Herein lies obsession, as we go to ever-increasing lengths in search of that dopamine reward. Stalking specialists warn against any kind of contact with a stalker, positive or negative, because any response at all triggers that reward mechanism. If you let the phone ring 50 times and finally pick up on the 51st ring to tell your stalker off, your stalker gets his or her reward, and learns that all s/he has to do is wait for the phone to ring 51 times.

Romantic love isn’t the only kind of desire that can create this kind of dopamine addiction, though – as Captain Ahab (from Moby Dick) knew well, any suitably important goal can become an obsession once the mind has established ownership.

The Neurology of Ownership

Ownership turns out to be about a lot more than just legal rights. When we own something, we invest a part of ourselves into it – it becomes an extension of ourselves.

In a famous experiment at Cornell University, researchers gave students school logo coffee mugs, and then offered to trade them chocolate bars for the mugs. Very few were willing to make the trade, no matter how much they professed to like chocolate. Big deal, right? Maybe they just really liked those mugs![2]

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But when they reversed the experiment, handing out chocolate and then offering to trade mugs for the candy, they found that now, few students were all that interested in the mugs. Apparently the key thing about the mugs or the chocolate wasn’t whether students valued whatever they had in their possession, but simply that they had it in their possession.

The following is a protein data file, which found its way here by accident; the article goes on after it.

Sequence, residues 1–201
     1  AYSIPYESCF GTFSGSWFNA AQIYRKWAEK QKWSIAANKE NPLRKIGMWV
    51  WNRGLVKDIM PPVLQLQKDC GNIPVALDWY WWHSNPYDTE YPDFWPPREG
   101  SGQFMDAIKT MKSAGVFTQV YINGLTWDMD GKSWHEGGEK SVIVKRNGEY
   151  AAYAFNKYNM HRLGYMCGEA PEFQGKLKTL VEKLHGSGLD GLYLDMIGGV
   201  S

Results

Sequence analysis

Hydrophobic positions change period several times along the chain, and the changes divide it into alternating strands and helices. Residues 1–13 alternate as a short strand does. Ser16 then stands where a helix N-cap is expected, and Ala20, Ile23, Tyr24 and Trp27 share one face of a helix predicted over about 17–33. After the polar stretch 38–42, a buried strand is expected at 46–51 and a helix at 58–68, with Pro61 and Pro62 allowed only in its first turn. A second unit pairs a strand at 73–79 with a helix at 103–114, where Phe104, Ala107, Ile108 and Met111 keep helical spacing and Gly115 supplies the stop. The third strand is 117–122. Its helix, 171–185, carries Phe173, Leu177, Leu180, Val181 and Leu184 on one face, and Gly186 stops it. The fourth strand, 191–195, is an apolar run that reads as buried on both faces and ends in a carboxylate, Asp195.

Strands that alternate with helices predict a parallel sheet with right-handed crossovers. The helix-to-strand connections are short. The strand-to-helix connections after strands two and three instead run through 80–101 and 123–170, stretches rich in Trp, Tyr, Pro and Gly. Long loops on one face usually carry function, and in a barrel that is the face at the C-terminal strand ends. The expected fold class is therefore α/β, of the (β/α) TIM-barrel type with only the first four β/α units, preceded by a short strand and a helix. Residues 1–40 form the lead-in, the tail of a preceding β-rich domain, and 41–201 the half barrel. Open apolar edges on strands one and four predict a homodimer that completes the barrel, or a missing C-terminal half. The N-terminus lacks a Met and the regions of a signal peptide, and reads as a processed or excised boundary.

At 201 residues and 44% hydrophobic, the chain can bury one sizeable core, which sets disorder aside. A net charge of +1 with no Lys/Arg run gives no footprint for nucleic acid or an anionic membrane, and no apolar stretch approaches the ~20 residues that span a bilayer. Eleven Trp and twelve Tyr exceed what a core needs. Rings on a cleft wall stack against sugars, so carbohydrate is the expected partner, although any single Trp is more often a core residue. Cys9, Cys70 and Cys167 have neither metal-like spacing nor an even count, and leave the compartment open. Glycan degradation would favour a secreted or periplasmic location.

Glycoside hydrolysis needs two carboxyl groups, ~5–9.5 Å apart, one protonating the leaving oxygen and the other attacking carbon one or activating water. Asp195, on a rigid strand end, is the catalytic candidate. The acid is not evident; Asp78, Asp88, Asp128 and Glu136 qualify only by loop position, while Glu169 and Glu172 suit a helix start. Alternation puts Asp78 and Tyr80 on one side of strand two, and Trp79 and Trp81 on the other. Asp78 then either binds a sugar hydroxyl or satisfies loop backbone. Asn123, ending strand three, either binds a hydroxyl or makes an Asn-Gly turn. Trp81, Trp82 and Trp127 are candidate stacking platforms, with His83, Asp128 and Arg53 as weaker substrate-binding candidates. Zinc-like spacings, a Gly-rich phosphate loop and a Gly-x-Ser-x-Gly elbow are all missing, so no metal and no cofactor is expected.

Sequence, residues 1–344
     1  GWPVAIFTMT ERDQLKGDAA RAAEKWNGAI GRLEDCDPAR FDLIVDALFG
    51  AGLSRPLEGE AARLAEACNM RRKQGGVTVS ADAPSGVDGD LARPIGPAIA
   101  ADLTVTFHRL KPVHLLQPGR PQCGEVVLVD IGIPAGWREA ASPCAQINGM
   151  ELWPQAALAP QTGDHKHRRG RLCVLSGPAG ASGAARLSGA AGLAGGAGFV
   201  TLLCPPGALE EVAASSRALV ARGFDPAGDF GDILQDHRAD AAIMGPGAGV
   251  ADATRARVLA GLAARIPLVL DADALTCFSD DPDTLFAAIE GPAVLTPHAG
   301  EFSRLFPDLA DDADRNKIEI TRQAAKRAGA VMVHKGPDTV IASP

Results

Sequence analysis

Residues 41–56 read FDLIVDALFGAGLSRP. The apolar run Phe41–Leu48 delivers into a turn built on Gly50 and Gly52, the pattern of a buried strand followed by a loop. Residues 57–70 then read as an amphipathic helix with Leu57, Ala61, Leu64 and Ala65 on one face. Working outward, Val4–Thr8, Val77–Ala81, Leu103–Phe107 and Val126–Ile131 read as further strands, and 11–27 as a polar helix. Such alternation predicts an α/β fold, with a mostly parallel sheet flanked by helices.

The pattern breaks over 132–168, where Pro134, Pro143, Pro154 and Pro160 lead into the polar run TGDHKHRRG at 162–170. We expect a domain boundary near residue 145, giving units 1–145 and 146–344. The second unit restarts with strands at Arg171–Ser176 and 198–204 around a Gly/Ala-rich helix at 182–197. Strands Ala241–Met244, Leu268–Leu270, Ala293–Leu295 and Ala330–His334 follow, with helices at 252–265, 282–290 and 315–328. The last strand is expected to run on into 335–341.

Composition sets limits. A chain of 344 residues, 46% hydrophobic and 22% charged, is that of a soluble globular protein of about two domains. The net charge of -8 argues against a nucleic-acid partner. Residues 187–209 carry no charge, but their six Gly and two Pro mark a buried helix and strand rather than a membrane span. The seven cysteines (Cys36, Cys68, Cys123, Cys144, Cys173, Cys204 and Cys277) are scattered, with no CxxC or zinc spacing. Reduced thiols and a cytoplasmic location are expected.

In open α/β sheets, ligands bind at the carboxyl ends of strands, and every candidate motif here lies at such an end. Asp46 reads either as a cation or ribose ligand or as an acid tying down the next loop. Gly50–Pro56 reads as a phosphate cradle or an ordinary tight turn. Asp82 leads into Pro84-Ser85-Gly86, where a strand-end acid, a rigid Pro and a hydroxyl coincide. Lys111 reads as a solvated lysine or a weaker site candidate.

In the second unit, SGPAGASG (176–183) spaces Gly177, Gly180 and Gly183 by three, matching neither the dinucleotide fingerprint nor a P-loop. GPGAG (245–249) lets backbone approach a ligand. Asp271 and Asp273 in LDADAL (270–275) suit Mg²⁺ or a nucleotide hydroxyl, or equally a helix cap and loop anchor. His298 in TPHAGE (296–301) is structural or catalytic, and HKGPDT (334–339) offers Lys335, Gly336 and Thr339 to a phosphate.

This phenomenon is called the “endowment effect”. In a nutshell, the endowment effect occurs when we take ownership of an object (or idea, or person); in becoming “ours” it becomes integrated with our sense of identity, making us reluctant to part with it (losing it is seen as a loss, which triggers that dopamine shut-off I discussed above).

Interestingly, researchers have found that the endowment effect doesn’t require actual ownership or even possession to come into play. In fact, it’s enough to have a reasonable expectation of future possession for us to start thinking of something as a part of us – as jilted lovers, gambling losers, and 7-year olds denied a toy at the store have all experienced.

The Upshot for Goal-Setters

So what does all this mean for would-be achievers?

On one hand, it’s a warning against setting unreasonable goals. The bigger the potential for positive growth a goal has, the more anxiety and stress your brain is going to create around it’s non-achievement.

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It also suggests that the common wisdom to limit your goals to a small number of reasonable, attainable objectives is good advice. The more goals you have, the more ends your brain thinks it “owns” and therefore the more grief and fear the absence of those ends is going to cause you.

On a more positive note, the fact that the brain rewards our attentiveness by releasing dopamine means that our brain is working with us to direct us to achievement. Paying attention to your goals feels good, encouraging us to spend more time doing it. This may be why outcome visualization — a favorite technique of self-help gurus involving imagining yourself having completed your objectives — has such a poor track record in clinical studies. It effectively tricks our brain into rewarding us for achieving our goals even though we haven’t done it yet!

But ultimately, our brain wants us to achieve our goals, so that it’s a sense of who we are that can be fulfilled. And that’s pretty good news!

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Featured photo credit: Alexa Williams via unsplash.com

Reference